Review by Roy RobinsDrastic Dislocations by Barry Wallenstein

by Barry Wallenstein

NYQ Books
Old Chelsea Station
New York, NY 10113
2012, 221pp., $18.95
ISBN 978-1-935520-43-6

Drastic Dislocations is a selection of poetry from Barry Wallenstein’s six previous collections–from Beast is a Wolf with Brown Fire (1977) to Tony’s World (2009)–and includes more than sixty new poems. The selection is a shrewd one, exhibiting the poet’s peculiarly skewed and entirely unpredictable vision of contemporary life.

From poem to poem, stanza to stanza, Wallenstein’s tone shifts smoothly from robust to restrained, jubilant to jaundiced. He is a master of the almost invisible transition, the seemingly effortless metamorphosis of meaning and mood. He writes as vividly about the simple splendor of a summer day as he does when evoking what Delmore Schwartz described as “the famous unfathomable abyss.”

If existence is an abyss, it can best be fathomed, for Wallenstein, with family, good company, sensual experience, and, of course, the poet’s beloved jazz. (Many of these poems have been performed publicly, with live jazz accompaniment.) With its elastic inflections, Wallenstein’s verse is full of grace notes and blue streaks and surprising sideways turns into dreams of despair and cold-eyed self-assessment. He portrays pain authentically–which is to say, painfully–but also writes movingly about that most artistically unfashionable entity: human happiness.

Many of the poems in this volume are affirmative, full of an optimism that feels equal-parts European and American, simultaneously measured and carefree, open to every sensation, made buoyant by the bliss of infinite possibility. Whereas in his early work, one gets a sense of a poet who does not love quite enough, in his most recent verse Wallenstein seems to possess within him inexhaustible affection.

He writes most tenderly about his family. “Ballad,” a conversation between the poet and his deceased mother, is especially accomplished:

What are you doing my darling son?
I’m sitting in this boat, dear mother.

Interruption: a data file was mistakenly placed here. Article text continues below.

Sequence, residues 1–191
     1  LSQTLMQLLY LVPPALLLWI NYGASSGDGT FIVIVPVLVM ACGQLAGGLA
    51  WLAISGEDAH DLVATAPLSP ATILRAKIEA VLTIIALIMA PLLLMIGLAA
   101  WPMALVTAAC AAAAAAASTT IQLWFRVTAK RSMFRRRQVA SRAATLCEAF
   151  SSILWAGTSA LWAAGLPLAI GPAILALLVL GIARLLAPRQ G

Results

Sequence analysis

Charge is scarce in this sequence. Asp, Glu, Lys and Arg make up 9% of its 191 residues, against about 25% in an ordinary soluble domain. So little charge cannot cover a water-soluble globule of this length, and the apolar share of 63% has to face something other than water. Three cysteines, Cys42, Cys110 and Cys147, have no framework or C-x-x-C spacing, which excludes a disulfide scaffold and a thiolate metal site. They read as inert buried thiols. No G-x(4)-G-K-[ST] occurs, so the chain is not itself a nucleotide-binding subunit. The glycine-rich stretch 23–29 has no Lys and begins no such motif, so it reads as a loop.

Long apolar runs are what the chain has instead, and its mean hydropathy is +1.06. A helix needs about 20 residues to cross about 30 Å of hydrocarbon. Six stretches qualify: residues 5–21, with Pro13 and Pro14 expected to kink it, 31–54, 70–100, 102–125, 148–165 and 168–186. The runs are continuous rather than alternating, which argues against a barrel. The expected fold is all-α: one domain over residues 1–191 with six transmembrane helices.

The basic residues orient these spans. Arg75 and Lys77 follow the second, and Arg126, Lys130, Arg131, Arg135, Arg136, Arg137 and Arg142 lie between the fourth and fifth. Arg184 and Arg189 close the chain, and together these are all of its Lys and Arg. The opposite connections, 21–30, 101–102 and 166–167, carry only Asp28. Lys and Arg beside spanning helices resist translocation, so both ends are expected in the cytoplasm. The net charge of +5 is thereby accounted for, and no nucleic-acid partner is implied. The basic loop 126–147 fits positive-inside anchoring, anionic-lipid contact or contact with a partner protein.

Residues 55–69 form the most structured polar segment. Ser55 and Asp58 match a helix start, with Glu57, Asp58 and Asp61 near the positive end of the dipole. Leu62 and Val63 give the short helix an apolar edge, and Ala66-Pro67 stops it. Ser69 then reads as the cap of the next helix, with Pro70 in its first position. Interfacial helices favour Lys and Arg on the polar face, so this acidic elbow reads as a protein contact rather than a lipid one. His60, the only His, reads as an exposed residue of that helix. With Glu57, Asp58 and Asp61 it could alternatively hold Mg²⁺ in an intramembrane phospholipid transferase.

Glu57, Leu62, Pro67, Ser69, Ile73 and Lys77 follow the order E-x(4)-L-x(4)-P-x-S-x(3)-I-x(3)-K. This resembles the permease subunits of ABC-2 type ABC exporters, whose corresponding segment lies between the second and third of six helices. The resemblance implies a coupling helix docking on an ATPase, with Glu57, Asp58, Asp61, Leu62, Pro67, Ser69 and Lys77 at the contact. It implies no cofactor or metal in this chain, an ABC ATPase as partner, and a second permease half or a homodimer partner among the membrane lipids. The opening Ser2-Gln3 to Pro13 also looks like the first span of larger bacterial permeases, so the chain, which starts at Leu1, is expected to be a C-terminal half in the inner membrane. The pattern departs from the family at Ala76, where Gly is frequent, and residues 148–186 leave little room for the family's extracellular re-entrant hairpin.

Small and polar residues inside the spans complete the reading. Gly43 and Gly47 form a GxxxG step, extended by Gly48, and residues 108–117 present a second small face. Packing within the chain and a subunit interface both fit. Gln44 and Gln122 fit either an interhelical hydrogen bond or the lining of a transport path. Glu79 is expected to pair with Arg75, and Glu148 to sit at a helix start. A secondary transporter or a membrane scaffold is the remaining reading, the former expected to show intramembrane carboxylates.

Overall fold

And where is your boat my son, pray tell?
At sea in the distance, my mother.

The poem, with its melancholic reverie, its intermingling of past and present, child and adult, question and answer, memory and dream, is simple and savagely stirring. The nursery-rhyme form carries the reader a long way, but the underlying sense of loss and anguish takes one further still.

A similar sequence in “Tony to His Mother” includes this invocation:

Mother, if you can see me,
imagine a well-carpeted iceberg,
thick enough for an eight day week.
And I’m alone on it
in a very comfortable chair –
a Morris design.
And we’re drifting out to sea,
the berg, its luxuries and me.

This stanza makes apparent many of Wallenstein’s skills: a commanding, unforced, authentic voice; a sharp wit and unexpected turn of phrase; a strange blend of boisterousness and resignation; the gentle, even restrained, specter of sadness; the almost reflexive movement between the abstract and the exact.

“Father at 85” is equally poignant and probing. The poem’s final line–“He still wants more.”– registers like a jolt of electricity. It is as powerful a refrain as Philip Levine’s “You can have it” or Frost’s “Provide, provide!” or the words that close out Delmore Schwartz’s “America, America!”: “More: more and more: always more.”

It seems fitting to follow Wallenstein’s family, his children, their history, from inception to adulthood, through the inter-leading rooms that form the house of this book. Here is Wallenstein in “Four Weeks to Birth”:

Our genes are hiding in the belly of a fish
in the skin of a belly
in the belly of a fish
floating glyphs